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McDonald’s turns over a new leaf by cutting greenhouse gas

Written by Angus Shaw on Wednesday, 21 March 2018. Posted in Franchise

In partnership with franchisees and suppliers, McDonald’s commits to promoting a more eco-friendly image to customers with a plan to reduce carbon emissions

McDonald’s turns over a new leaf by cutting greenhouse gas

From carbon budgets to emission targets, global warming is one of the most hot-button issues pressing franchises for change – 2018 had the sixth hottest February on record. And while McDonald’s’ own hot-button issue is scorching and centres around contested court proceedings in the US over the company’s labour rights, there is seemingly no better time for the fast-food franchise to project a fresh image by turning up the heat against global warming.

Breaking the ice as the first restaurant company with an approval from the Science Based Targets initiative to reduce greenhouse gases, McDonald’s has committed to lowering its emissions by 36% by 2030 and reducing emissions per metric ton of food and packaging by 31%. McDonald’s intends to achieve the equivalent of taking 32 million passenger cars off the road for a year or planting 3.8 billion trees to grow for ten years.

Beef production, energy, packaging and waste alone make up 64% of McDonald's’ carbon footprint. To weed these emissions from the root, McDonald’s specifically plans to utilise LED lighting, energy-efficient kitchen equipment, sustainable packaging, restaurant recycling and support sustainable agriculture to name a few measures.

Speaking about the initiative, Steve Easterbrook, president and CEO of McDonald’s, said: “To create a better future for our planet, we must all get involved. McDonald’s is doing its part by setting this ambitious goal to reduce greenhouse gas emissions to address the challenge of global climate change. To meet this goal we will source our food responsibly, promote renewable energy and use it efficiently, and reduce waste and increase recycling.”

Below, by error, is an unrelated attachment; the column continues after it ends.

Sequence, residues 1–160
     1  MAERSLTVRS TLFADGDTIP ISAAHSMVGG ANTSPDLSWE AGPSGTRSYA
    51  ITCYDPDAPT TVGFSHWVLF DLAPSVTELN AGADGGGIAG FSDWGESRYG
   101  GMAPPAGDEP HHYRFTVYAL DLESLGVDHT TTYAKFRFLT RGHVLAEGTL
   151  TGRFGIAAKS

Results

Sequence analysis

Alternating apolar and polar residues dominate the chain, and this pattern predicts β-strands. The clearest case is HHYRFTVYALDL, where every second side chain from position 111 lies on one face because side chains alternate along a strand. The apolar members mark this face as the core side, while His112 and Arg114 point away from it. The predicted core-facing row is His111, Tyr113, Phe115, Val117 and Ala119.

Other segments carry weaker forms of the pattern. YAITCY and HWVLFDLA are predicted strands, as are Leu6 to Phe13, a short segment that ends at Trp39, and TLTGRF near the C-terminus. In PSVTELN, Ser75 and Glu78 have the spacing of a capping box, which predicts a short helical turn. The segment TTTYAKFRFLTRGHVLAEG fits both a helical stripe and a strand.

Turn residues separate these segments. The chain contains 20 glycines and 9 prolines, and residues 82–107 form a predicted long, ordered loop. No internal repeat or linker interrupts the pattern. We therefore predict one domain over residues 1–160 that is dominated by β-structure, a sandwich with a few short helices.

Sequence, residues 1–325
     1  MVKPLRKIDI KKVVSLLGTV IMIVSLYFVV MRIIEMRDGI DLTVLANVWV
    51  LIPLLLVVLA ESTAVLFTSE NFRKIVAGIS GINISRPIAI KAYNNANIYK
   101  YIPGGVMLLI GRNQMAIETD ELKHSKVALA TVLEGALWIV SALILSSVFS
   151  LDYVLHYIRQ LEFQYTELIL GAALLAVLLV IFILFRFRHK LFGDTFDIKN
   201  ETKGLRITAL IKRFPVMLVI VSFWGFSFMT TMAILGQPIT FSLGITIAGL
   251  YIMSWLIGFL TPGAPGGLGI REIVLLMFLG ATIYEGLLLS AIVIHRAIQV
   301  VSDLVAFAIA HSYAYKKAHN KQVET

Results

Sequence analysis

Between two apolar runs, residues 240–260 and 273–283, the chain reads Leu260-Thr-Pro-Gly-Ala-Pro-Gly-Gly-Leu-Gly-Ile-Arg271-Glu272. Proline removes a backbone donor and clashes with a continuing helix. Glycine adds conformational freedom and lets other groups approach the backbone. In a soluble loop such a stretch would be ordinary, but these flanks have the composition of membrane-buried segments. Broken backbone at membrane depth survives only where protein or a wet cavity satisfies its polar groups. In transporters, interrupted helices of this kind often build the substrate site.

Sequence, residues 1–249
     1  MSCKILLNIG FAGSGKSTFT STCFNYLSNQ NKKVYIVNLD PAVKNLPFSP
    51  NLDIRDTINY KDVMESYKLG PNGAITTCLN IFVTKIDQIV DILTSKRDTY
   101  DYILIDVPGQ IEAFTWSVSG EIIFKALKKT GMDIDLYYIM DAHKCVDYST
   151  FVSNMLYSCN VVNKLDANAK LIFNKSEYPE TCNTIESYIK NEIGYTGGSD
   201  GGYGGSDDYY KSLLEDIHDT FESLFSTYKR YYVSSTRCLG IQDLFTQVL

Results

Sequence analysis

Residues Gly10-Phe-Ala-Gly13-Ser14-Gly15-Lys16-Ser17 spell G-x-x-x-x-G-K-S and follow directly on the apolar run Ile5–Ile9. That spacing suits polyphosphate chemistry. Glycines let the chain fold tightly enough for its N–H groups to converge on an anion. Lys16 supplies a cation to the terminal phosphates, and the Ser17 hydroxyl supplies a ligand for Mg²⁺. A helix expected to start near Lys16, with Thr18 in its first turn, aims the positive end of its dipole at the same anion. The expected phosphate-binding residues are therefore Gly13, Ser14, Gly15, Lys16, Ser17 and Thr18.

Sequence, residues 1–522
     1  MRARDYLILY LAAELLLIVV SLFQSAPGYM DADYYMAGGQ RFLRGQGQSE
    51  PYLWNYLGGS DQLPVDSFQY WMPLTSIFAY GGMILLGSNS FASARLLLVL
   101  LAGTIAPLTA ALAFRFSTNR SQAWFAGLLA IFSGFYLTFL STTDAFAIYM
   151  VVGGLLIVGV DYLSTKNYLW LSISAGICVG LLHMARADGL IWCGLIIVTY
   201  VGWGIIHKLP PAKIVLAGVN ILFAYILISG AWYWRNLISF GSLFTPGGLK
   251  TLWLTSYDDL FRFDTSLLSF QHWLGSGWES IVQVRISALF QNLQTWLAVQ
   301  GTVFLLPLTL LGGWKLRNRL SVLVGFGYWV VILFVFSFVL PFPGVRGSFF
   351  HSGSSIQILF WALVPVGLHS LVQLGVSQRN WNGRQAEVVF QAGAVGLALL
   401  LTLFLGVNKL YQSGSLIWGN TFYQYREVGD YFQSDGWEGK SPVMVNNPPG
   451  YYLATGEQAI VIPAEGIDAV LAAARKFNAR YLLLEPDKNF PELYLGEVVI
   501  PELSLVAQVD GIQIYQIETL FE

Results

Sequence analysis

Indeed, McDonald’s’ move neatly coincides with its decision to join the ‘We Are Still In’ coalition of firms committed to meeting the Paris Agreement targets which the US withdrew from last June.

Although the famous golden arches are not expected to be cast green, McDonald’s melting the hearts of environmentalists is a sure-fire way to shake off images of its recent legal wrangle. We’re sure they’re loving it. 

About the Author

Angus Shaw

Angus Shaw

With a keen eye for politics as editorial assistant, Angus can often be found scanning the horizon for the next big waves crashing against business shores – which makes up the time when he's not setting sail at Radio Caroline, the former pirate station, on weekends. Follow him on Twitter @Angus_Shaw for his latest cognition

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